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How to stop or avoid being evicted from your rented property

Simply keeping up with your responsibilities and obligations as a tenant, makes it highly unlikely that you will suffer eviction. However, eviction is sometimes the only answer to tenancy problems but there are ways in which you can avoid being evicted as a tenant.

So, do not dismay, don’t give up and even if you are threatened with eviction it is still possible to remedy the situation before the actual evicion.

All you may need to do is follow a few simple steps and try and remain calm. If you are facing eviction or are worried about the possibility of eviction in the future, then here are some ways in which you can help yourself and avoid being evicted.

Pay the rent on time. The easiest way to avoid being evicted from your rental property is to keep paying rent on time. One area that annoys landlords more than anything and gives them grounds for eviction (via a Section 8 notice) above all others is a failure to make full rental payments on time. Paying your rent on time isn’t always easy so your rent should be one of your most important costs after food – yes really, that important so cut back on holidays, extras like smoking and booze, eating out, shopping for clothes and “nice to haves”… If you cannot pay your rent then you more than likely will end up being evicted, so it is important to make your rental payments a priority. If you do fall behind with your rent, then make sure you speak to your landlord or the letting agent and explain the situation. Most will give you a chance to sort out the situation.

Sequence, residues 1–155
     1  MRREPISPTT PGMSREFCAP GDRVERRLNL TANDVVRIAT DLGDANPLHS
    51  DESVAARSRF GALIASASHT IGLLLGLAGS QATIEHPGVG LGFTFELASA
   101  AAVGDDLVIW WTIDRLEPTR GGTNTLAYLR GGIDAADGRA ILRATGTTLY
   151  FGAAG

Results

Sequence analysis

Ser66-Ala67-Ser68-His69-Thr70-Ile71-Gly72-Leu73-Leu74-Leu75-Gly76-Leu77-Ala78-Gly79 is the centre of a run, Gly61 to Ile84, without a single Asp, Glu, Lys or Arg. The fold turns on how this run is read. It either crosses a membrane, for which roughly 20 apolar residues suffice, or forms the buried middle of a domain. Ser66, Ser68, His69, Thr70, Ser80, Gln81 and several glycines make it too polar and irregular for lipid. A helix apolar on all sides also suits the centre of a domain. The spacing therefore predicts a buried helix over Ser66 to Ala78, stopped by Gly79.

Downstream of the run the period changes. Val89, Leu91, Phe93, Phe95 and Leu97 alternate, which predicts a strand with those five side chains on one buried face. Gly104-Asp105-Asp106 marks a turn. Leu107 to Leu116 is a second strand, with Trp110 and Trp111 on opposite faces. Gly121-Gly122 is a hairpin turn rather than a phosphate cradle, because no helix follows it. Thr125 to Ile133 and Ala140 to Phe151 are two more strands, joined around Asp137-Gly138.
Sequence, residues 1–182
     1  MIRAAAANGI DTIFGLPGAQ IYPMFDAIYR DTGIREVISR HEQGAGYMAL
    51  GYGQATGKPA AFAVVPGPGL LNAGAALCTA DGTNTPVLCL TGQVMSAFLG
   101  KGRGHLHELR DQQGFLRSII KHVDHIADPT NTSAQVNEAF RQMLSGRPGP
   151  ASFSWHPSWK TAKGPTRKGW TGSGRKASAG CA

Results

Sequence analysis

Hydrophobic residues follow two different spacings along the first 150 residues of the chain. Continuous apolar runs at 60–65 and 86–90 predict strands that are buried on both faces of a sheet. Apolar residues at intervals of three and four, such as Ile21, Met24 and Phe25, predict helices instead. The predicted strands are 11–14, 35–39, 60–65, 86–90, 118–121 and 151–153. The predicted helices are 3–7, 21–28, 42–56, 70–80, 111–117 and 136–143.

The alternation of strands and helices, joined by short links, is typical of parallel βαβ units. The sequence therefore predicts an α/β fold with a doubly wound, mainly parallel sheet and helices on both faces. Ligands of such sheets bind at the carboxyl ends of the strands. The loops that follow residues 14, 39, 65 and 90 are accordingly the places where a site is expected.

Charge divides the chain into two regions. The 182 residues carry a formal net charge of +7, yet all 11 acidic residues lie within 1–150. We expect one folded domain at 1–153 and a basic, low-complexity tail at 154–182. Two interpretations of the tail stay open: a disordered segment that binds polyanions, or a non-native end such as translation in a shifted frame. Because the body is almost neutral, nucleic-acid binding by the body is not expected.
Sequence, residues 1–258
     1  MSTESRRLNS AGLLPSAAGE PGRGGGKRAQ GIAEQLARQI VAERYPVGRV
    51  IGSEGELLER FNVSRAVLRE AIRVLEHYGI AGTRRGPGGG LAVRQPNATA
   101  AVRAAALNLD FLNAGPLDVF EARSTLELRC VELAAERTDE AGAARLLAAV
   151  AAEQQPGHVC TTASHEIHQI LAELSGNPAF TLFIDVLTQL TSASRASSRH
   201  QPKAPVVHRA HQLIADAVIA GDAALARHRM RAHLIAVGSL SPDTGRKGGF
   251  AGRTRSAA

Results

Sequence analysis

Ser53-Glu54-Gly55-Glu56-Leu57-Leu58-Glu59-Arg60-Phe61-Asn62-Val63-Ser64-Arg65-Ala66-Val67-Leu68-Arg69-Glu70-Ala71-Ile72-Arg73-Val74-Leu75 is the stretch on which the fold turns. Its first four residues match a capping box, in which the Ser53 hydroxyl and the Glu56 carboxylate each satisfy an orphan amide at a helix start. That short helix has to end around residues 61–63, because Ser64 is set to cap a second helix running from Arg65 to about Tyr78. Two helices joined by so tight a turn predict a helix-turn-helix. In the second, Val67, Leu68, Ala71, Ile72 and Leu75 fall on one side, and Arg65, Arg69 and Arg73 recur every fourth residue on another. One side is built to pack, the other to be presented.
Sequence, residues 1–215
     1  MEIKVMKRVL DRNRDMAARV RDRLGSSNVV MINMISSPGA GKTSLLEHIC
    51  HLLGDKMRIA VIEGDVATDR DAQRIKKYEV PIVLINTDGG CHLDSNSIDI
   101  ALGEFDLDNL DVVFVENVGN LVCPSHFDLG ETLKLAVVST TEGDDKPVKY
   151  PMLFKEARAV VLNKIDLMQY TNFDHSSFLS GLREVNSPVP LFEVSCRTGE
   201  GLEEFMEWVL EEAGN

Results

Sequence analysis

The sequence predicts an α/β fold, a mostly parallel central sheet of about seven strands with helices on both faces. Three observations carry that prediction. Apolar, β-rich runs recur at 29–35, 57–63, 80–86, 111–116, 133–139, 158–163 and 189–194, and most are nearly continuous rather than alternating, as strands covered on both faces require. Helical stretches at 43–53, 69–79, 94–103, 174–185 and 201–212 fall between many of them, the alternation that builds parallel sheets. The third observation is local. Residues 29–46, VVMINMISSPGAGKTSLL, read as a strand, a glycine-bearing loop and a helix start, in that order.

As a tenant you will probably receive regular property visits by the letting agent or landlord. It’s your responsibility to keep the property tidy and clean so another way to avoid tenant eviction is to keep your rental property in good condition. If you damage property or remove items of property that don’t belong to you then the landlord could have grounds to evict. Repair damage and replace anything you break.

If you are threatened with eviction, then you need to make sure you know your rights. Even if your landlord has pressed for eviction or started proceedings (which MUST be via a Section 8 notice or a Section 21), you still have options. If you know and understand what the letting agency or landlord can and cannot do to you it will put you in strong position and help avoid eviction. You cannot be evicted until the landlord has obtained a court order to repossess the property and even then still has to get a court bailiff with a warrant to evict you. If your landlord tries to evict you before this by himself, forcibly or by harassment or intimidation, then you can take action against the landlord and possibly remain in the property.

If your best efforts fail and eviction looks on the cards because of rent arrears you still shouldn’t give up. Be reminded that the landlord just wants the rent owed and would probably prefer you to stay have to find a new tenant and the extra costs that would be incurred. So, seek help from a tenant eviction specialist. You might want to consider a short-term loan from a specialist tenant loan company. If you keep talking with your letting agent or landlord and are determined to stay in the property then some arrangement to halt eviction might be agreed.

In a nutshell; if you keep in regular communications with your landlord and know your rights as a tenant then you can avoid eviction.